Gather 'round vintage motocross fans, cafe racer hipsters, and Internet lurkers. Steaming hot off the presses, may I present photos shot at Siege's Vintage Racing Motorcycle Show from - ahem - last January. Better late then never, my motto for today.
I've hit this show a few times over the years, a highlight on my gear head calendar. I did miss last year's version, so was itchy to attend this edition. Usually a pretty good turn out and interesting bikes show up for this gig. Mostly dirt oriented, but always a smattering of vintage road warriors as well.
Siege, the ring leader for these festivities, has also previously featured my photos on his site, which is cool and I enjoy contributing to the scene. Show held once again at large Harley dealer in Renton, now known as Lawless Harley-Davidson.
Enough yapping, let's look at some damn bikes already...
Yes indeed, circa 1980 Suzuki RM400 looking quite yellow and resting sky high. Later hand made pipe the proverbial icing on the two-stroke cake. This era of motocross machinery, the best looking bikes ever. Still air cooled, drum brakes, yet long travel suspension had arrived.
I've seen this van at various events and always worth the revisit. Fantastic resto-mod of '70s Yamahauler, right down to the period correct stickers. Super cool rig.
Circa 1970 Kawasaki Green Streak, if fading memory and Google searching are correct. All of 100cc of power and triple plated for your racing pleasure.
1981 Husqvarna CR250 looking AHRMA ready to Rock 'N' Roll. Two-stroke and long travel goodness direct from Sweden. Sorta like ABBA, but more noisy and dangerous.
Well done restore of Yamaha YZ, 125cc version I suspect, with modern ProTaper handlebar. I also suspect this specimen actually ridden and raced, much better then collecting dust in a barn somewhere.
Yamaha YZ465 greets and intimidates folks entering the show. Rowdy patrons forced to attempt kickstarting while wearing flip flops, ambulance at the ready.
Shine and patina, together again. Limited engagement, tickets now available. Call now, operators are standing by.
Yamaha MX or early YZ? You be the judge. Modern aluminum swingarm, trick pipe, and black rims adding to the excellent restoration.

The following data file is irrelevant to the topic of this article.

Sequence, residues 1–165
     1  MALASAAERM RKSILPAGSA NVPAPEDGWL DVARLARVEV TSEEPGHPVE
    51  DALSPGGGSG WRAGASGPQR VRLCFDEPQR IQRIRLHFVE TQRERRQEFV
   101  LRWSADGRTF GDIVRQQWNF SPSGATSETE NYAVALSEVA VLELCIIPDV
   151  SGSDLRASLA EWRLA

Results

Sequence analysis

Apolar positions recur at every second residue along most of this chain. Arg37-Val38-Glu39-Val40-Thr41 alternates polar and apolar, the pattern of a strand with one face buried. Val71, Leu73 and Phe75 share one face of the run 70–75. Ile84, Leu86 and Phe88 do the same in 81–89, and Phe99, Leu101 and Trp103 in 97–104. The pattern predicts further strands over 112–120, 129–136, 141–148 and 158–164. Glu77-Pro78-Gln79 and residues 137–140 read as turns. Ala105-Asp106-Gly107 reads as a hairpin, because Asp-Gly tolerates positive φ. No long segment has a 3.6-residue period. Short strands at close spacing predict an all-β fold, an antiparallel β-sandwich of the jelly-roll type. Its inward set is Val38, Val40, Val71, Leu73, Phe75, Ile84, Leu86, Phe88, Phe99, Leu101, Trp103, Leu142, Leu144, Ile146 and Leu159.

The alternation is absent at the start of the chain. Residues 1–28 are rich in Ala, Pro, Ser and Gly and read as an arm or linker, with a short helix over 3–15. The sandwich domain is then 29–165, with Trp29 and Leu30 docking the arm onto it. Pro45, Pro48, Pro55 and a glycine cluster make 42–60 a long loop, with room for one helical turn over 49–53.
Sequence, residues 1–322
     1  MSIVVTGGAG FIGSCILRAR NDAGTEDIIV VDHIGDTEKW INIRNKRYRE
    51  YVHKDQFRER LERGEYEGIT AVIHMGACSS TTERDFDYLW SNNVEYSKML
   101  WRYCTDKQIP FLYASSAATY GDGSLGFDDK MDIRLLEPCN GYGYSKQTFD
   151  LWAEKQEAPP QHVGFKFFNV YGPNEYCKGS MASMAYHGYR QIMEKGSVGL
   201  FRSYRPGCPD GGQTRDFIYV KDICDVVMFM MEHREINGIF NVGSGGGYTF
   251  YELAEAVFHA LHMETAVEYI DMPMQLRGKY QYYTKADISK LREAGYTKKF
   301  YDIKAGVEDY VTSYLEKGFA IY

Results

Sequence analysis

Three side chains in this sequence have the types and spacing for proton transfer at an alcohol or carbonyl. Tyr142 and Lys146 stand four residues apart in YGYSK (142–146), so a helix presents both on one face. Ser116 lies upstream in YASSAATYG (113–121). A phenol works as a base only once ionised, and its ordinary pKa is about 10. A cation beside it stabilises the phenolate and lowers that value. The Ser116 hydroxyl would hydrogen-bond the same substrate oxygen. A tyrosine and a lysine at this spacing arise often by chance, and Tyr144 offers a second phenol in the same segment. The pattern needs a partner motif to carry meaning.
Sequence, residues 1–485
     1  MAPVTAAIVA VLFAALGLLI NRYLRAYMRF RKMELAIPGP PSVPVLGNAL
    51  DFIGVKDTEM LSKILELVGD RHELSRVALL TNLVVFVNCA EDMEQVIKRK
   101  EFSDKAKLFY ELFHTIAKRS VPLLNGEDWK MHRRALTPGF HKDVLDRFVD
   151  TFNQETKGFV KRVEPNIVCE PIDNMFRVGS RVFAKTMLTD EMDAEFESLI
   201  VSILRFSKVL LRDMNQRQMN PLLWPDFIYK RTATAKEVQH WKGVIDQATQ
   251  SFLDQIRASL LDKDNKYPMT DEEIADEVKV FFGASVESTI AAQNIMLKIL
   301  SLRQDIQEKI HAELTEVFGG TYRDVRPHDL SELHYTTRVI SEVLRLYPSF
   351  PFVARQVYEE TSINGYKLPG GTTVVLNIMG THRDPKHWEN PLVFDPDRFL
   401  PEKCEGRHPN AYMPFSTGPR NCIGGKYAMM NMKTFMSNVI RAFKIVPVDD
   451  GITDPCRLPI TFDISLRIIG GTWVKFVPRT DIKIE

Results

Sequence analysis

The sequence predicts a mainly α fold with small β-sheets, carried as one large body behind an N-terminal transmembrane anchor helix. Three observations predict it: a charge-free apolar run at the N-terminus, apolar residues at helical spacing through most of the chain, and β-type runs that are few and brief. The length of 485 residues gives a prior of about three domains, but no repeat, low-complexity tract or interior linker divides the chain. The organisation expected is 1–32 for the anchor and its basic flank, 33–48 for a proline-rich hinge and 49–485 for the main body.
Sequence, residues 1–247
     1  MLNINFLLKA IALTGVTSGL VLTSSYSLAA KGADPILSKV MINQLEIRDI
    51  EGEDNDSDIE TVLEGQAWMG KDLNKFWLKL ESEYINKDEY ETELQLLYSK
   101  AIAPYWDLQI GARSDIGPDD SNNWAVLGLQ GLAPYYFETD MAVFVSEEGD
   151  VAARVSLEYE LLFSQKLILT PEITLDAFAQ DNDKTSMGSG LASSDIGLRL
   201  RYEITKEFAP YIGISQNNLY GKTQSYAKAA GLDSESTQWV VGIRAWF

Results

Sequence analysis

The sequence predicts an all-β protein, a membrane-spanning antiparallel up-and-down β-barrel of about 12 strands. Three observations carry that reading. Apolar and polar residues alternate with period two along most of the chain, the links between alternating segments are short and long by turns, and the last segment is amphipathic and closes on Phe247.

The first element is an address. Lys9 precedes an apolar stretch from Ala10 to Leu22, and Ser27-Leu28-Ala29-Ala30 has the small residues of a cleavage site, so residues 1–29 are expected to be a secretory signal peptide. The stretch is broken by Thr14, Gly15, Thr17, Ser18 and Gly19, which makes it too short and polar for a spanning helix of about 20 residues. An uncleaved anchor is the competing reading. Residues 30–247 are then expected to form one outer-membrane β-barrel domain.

Blurring the envelope of what's considered vintage, euro looking Yamaha YZ shows off its upside down fork, linkage rear suspension, disk brakes, and water cooling.
Penton Jackpiner 175 looking splendid in blue, posing in front of action shots. Yes kids, that does say KTM on the engine case. Back in the stone age, before $8000 dirt bikes and FMX existed, Penton family involved with initially bringing KTMs stateside.
Honda CR500 flexes his dented pipe to impress the adoring ladies. Unfortunately, he's shot down in flames.
Tasty Yamaha R5 250 complete with DG heads, expansion chambers, rearsets, and modern shocks. Just another example why vintage is cooler then modern.
Looking quite stock, Yamaha DT MX freshly emerges from time travel machine. Dudes in background debate using travel machine to return to the early '70s, modern YZ in tow, and kick everyone's ass.
Yamaha YZ100 rests comfortably on stolen hotel towel. Back in the dirt bike heyday of the late '70s and early '80s - not even counting mini-cycle classes - racing classes existed for 100, 125, 175, 250, and open class bikes. Freedom of choice is what you want.
Suzuki PE175 stares down dude in puffy blue jacket and wins. For the unknowing, the PE series ran from the late '70s into the early '80s, covering Suzuki's need for serious enduro bikes for the masses. Offered in 175, 250, and 400cc varieties during that time.
Yamaha RD400 looking showroom fresh, vision from the late '70s. I owned the '75 RD350 version back in the '80s. Quick 'N' Fun they were and still are today.
Yamaha RZ350, complete with official Kenny Roberts approval. Only available in the US from 1984 to 1986, last era of two-stroke street motorcycles. I almost bought one new in '85 and used in '91. Should have, always wanted this model of RZ and still on my bucket list.
Honda XL based road racer and apparently a successful one at that. Great looking bike, digging the '70s inspired graphics. I'll take a street legal version.
Yamaha YZ125 stands tall among admiring glances. Bumper crop of nice YZs represented at this event.
Bultaco Pursang straight outta Spain, '77 style. Bultaco, Montesa, and Ossa adding Spanish flair to the dirt bike boom of the '70s. Fantastic era for sure.
Vintage Husqvarna sporting superb restoration. Much off road history steeped into this marque and continues to this day. This era of Husky spinning off images of Malcom Smith and Steve McQueen.
KTM 540 even wheelies at rest. Water cooling, disk brakes, and teal graphics hint at '90s era vintage. Corrections gladly accepted.